Google paying more than 300 EU publishers for news, more to come

According to Reuters, Alphabet (GOOGL.O) unit Google has secured deals to pay more than 300 publications in Germany, France, and four other EU nations for their content and will roll out a tool to make it easy for others to sign up as well.

The action, which will be made public later on Wednesday, comes three years after the EU adopted groundbreaking copyright regulations requiring Google and other internet platforms to compensate musicians, performers, authors, news publishers, and journalists for utilizing their work.

News publishers, who are among Google’s harshest critics, have long lobbied governments to ensure that web platforms compensate them fairly for their content. Australia made such payments mandatory last year, and Canada enacted similar legislation last month.

“So far, we have agreements covering over 300 national, local, and specialist news publications in Germany, Hungary, France, Austria, the Netherlands, and Ireland, with many more discussions ongoing,” Sulina Connal, director of news and publishing partnerships, said in a blog article seen by Reuters and presumed to be released later on Wednesday. The site does not specify how much more the publishers were compensated.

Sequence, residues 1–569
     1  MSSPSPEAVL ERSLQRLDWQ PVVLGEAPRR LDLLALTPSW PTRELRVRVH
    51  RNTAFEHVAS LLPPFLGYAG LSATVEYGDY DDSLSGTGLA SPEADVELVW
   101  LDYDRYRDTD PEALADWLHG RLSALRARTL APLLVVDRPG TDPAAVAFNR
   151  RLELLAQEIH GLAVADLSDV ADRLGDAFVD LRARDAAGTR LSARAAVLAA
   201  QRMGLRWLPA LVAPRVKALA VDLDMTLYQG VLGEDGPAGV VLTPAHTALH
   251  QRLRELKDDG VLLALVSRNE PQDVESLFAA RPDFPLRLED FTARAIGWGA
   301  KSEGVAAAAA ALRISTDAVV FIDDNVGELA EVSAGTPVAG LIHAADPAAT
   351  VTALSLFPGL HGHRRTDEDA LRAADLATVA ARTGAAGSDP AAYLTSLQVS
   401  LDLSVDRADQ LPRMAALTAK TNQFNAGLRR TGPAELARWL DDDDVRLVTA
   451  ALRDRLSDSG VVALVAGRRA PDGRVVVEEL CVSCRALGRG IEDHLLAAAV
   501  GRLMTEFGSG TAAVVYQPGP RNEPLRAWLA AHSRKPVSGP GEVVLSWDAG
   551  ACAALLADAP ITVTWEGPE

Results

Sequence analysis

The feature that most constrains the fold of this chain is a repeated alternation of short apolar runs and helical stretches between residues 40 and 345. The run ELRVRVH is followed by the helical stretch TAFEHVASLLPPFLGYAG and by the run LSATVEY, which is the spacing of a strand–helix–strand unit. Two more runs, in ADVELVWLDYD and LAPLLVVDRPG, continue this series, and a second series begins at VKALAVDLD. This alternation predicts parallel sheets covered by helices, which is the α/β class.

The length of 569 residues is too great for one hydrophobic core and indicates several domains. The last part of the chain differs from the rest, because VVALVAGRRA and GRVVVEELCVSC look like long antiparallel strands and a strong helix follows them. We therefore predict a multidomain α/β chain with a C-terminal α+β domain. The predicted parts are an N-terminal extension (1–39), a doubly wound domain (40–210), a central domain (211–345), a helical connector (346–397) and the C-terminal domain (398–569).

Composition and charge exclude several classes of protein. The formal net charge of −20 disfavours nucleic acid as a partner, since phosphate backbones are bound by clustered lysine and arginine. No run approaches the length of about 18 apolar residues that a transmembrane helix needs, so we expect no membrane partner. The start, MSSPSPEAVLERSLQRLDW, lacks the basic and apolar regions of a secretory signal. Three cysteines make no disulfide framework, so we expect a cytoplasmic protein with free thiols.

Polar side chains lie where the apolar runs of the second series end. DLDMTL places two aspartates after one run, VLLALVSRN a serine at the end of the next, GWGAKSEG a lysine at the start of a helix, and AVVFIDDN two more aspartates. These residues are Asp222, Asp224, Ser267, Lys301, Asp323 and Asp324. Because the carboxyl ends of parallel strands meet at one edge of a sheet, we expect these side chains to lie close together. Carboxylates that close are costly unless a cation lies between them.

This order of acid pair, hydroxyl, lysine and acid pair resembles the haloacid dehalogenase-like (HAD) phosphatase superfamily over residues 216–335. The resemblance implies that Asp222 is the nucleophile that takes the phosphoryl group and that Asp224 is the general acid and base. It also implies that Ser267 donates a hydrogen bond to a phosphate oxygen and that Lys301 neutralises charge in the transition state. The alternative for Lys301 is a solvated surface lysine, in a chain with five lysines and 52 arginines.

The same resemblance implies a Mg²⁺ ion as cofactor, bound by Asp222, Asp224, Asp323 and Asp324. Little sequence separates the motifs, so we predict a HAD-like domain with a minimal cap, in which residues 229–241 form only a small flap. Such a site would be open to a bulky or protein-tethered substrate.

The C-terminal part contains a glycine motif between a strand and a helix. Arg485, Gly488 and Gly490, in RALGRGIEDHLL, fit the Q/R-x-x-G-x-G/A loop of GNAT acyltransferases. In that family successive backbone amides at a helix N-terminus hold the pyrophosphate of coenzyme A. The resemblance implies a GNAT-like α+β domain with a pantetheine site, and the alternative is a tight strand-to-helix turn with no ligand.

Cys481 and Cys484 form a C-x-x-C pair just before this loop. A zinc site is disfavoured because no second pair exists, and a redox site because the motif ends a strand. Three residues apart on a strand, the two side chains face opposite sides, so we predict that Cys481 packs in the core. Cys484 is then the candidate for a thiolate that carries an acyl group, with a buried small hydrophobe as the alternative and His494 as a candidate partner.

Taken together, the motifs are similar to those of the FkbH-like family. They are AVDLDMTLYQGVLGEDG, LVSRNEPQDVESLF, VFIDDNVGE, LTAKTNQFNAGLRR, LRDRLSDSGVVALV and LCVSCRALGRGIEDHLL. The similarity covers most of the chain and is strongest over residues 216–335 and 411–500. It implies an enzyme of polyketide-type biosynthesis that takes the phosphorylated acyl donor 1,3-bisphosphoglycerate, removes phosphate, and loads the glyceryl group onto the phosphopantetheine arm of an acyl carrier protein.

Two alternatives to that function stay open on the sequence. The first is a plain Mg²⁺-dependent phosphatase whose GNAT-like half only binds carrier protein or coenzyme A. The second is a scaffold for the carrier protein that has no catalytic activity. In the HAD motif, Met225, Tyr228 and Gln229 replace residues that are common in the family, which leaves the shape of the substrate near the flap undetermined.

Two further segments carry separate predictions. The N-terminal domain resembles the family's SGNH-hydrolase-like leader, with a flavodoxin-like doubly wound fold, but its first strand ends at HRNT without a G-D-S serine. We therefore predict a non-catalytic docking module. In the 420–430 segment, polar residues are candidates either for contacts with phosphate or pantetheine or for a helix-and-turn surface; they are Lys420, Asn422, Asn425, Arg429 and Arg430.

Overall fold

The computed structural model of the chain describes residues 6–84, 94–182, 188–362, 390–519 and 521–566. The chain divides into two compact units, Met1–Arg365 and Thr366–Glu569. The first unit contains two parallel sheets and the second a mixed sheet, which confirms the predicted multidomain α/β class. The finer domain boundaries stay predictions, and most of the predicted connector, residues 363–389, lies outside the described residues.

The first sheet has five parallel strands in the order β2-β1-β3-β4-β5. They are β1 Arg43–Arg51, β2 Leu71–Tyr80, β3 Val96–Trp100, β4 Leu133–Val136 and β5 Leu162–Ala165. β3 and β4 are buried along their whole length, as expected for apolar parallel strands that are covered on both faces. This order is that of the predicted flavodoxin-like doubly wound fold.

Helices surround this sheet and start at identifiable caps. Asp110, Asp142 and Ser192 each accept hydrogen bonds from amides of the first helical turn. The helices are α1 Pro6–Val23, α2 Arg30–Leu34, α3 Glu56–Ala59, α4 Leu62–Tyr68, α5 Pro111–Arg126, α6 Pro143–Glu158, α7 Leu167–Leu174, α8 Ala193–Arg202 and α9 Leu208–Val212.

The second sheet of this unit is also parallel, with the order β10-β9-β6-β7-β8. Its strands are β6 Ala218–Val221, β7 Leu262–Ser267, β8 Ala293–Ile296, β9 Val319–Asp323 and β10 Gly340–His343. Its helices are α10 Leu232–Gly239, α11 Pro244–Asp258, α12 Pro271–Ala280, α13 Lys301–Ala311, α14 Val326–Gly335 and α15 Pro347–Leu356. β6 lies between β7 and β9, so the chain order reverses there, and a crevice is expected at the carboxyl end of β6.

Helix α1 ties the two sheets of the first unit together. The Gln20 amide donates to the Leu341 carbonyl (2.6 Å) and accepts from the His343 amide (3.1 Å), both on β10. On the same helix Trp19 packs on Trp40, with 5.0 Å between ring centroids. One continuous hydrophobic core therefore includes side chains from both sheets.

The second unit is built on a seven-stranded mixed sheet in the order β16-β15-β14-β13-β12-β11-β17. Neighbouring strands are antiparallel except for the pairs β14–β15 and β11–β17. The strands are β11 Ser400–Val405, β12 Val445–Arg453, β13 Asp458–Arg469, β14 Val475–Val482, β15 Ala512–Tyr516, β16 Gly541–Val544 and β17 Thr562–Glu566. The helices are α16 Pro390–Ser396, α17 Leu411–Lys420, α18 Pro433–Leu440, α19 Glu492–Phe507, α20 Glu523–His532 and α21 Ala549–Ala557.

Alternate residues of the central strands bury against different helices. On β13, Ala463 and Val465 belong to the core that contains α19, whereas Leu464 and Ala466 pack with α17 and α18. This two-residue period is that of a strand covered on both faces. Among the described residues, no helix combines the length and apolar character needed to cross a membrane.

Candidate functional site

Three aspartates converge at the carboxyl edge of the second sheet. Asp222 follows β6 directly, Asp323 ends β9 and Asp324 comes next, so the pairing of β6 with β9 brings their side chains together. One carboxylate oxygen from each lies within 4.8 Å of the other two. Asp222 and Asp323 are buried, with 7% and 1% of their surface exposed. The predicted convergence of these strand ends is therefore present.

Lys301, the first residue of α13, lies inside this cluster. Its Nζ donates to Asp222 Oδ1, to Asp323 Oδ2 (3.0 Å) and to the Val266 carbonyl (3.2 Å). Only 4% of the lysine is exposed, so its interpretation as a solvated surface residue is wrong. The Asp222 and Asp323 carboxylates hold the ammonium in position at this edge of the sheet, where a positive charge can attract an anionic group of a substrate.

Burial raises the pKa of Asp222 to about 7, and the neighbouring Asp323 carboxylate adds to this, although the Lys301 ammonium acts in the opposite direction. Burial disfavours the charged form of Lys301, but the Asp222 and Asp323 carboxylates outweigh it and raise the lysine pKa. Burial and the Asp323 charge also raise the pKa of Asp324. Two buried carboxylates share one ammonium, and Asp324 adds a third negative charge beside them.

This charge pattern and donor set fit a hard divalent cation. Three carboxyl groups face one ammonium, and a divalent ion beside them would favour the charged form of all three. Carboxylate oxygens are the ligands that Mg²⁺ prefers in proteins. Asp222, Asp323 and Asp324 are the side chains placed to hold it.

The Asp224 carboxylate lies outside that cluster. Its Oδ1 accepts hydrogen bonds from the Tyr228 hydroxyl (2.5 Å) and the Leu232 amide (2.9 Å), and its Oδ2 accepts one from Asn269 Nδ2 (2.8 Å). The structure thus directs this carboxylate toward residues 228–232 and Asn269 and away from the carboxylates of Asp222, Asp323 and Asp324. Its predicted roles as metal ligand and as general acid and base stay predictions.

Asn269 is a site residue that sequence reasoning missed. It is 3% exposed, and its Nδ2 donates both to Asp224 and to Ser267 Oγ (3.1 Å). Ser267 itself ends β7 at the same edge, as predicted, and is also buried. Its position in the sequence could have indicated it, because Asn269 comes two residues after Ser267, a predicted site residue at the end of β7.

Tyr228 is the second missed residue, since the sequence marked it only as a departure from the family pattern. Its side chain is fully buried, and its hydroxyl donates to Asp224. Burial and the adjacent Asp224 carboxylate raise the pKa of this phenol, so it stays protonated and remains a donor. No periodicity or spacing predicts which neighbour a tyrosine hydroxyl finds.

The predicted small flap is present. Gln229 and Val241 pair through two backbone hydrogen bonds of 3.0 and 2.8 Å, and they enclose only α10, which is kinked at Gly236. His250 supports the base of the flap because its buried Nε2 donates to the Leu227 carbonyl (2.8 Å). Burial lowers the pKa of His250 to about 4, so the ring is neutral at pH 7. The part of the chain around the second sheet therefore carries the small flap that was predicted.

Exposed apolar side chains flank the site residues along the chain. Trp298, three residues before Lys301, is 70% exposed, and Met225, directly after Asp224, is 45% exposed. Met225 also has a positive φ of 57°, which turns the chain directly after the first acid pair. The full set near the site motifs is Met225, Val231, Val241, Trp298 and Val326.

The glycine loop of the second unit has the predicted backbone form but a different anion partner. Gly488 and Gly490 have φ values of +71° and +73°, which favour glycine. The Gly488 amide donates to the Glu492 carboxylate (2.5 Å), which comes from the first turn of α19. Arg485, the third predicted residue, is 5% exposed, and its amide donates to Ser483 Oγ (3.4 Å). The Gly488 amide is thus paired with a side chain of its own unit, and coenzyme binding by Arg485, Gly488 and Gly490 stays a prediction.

German publishers such as Der Spiegel, Die Zeit, and Frankfurter Allgemeine Zeitung make up two-thirds of this group.

“We are now announcing the launch of a new tool to make offers to thousands more news publishers, starting in Germany and Hungary, and rolling out to other EU countries over the coming months,” Connal stated in the blog post.

The technology provides publishers with an extended news preview arrangement that allows Google to display snippets and thumbnails for a charge.

Larry Page and Sergey Brin launched Google on September 4, 1998, while they were Ph.D. students at Stanford University in California. They collectively possess around 14% of their publicly traded shares and control 56% of stockholder voting power via super-voting stock. In 2004, the company went public through an initial public offering (IPO).

Google was reformed in 2015 as a fully owned subsidiary of Alphabet Inc. Alphabet’s principal subsidiary, Google, serves as a holding company for Alphabet’s Internet businesses and interests. On October 24, 2015, Sundar Pichai was appointed CEO of Google, succeeding Larry Page, who became CEO of Alphabet. Pichai was appointed CEO of Alphabet on December 3, 2019.